Before trading Carmelo Anthony to the Oklahoma City Thunder, the New York Knicks reportedly offered him to the Cleveland Cavaliers for big man Tristan Thompson and a 2018 first-round draft pick. However, Joe Vardon of said the Cavaliers rejected the Knicks’ request, as they don’t want to part ways with Thompson and either one of their two first-round draft selections for 2018. Vardon said the Cavaliers’ decision to keep Thompson was part of efforts to convince LeBron James to stay with the team after this season. Thompson and James have the same agent – Rich Paul -- who is also a close friend of the Cavaliers’ superstar.

The Knicks then opted to trade Anthony to the Thunder for big man Enes Kanter, outside shooter Doug McDermott, and a future draft pick. Anthony will team up with Paul George and reigning MVP Russell Westbrook as the Thunder try to challenge the Golden State Warriors as the top team in the Western Conference. The Anthony trade was the second big swap sealed by the Thunder in the offseason -- the first was when they acquired George from the Indiana Pacers for Victor Oladipo and Domantas Sabonis.

Cavs would not give up first-round picks for Anthony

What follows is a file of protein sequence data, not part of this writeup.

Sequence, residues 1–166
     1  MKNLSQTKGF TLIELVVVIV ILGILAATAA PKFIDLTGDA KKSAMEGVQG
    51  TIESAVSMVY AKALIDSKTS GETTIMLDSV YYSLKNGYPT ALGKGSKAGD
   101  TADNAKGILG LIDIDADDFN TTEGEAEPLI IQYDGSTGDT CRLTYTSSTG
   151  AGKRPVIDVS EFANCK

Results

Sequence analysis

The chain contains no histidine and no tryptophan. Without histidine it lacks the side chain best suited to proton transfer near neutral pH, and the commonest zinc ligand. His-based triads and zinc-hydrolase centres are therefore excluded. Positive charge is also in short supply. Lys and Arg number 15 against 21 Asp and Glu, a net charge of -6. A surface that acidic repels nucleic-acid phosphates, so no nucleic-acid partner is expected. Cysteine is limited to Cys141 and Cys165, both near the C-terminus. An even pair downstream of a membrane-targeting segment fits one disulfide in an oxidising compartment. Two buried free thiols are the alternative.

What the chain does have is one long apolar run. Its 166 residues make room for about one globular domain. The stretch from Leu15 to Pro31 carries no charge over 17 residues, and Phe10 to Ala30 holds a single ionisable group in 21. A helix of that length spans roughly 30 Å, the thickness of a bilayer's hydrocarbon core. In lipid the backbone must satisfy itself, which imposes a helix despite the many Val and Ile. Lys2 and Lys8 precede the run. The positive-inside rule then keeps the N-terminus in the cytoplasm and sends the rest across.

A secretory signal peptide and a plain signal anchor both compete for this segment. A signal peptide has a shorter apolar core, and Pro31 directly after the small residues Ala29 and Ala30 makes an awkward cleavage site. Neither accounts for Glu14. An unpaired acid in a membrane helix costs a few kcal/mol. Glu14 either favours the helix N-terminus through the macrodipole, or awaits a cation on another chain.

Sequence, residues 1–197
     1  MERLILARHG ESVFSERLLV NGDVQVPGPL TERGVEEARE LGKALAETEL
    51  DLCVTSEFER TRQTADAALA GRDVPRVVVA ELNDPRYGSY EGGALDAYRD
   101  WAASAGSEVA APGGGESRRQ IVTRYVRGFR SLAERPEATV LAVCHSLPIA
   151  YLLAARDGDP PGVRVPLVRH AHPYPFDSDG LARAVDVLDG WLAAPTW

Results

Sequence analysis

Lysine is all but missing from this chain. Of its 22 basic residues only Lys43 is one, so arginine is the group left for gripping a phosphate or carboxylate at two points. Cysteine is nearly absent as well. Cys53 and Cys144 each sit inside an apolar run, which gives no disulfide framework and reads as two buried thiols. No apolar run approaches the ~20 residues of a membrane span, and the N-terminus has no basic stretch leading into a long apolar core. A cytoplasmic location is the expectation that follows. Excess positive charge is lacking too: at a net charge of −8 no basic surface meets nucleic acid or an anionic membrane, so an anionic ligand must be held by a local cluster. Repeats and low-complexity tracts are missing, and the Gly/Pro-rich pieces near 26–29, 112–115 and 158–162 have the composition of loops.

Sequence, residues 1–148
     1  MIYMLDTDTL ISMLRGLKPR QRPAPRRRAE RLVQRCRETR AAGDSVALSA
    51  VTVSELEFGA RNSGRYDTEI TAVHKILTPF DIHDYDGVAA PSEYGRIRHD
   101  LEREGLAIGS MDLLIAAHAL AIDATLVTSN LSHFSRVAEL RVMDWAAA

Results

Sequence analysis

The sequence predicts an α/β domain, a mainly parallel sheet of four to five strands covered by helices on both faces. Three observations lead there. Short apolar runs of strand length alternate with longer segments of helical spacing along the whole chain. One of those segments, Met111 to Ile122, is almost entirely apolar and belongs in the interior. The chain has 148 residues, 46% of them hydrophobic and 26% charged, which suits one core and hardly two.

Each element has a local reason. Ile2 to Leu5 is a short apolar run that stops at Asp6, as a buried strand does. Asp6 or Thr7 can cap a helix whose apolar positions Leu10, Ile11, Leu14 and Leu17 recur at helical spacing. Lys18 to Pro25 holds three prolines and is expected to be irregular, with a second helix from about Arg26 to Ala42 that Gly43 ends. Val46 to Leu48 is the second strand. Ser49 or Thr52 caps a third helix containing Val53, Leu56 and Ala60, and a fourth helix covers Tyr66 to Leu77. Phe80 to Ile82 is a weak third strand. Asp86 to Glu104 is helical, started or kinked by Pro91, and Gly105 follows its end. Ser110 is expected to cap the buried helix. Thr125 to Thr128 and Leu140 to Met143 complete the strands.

Earlier, Jeff Zillgitt of USA Today reported that the Cavaliers would not surrender the Brooklyn Nets’ 2018 first-round pick to acquire Anthony. The pick was included in the trade package that the Boston Celtics shipped to the Cavaliers for Kyrie Irving.

In addition to the Nets’ 2018 first-round pick, the Cavaliers also received Isaiah Thomas, Jae Crowder, Ante Zizic, and a 2020 second-round pick. The Cavaliers consider the 2018 pick valuable as they can use it to select a talented young player from the 2018 NBA Draft in case James leaves the team after this season.

Thompson a reliable big man for Cavs

A fourth overall pick by the Cavaliers in the 2011 Draft, Thompson averaged 8.1 points and 9.1 rebounds per game in 78 starts last season. He was a vital cog in the Cavaliers’ three straight NBA Finals appearances due to his hustle and defense. Based on’s defense dashboard, Thompson was a reliable interior defender, holding opponents to 8.8 percent below their normal shooting average inside six feet and 6.3 percent less inside 10 feet last season.

In 466 games with the Cavaliers, the 6-foot-9 Thompson averaged 9.4 points and 8.6 boards on 51.5 percent shooting from the field. In 59 postseason games for the Cavaliers, he averaged 8.1 points and 9.4 boards.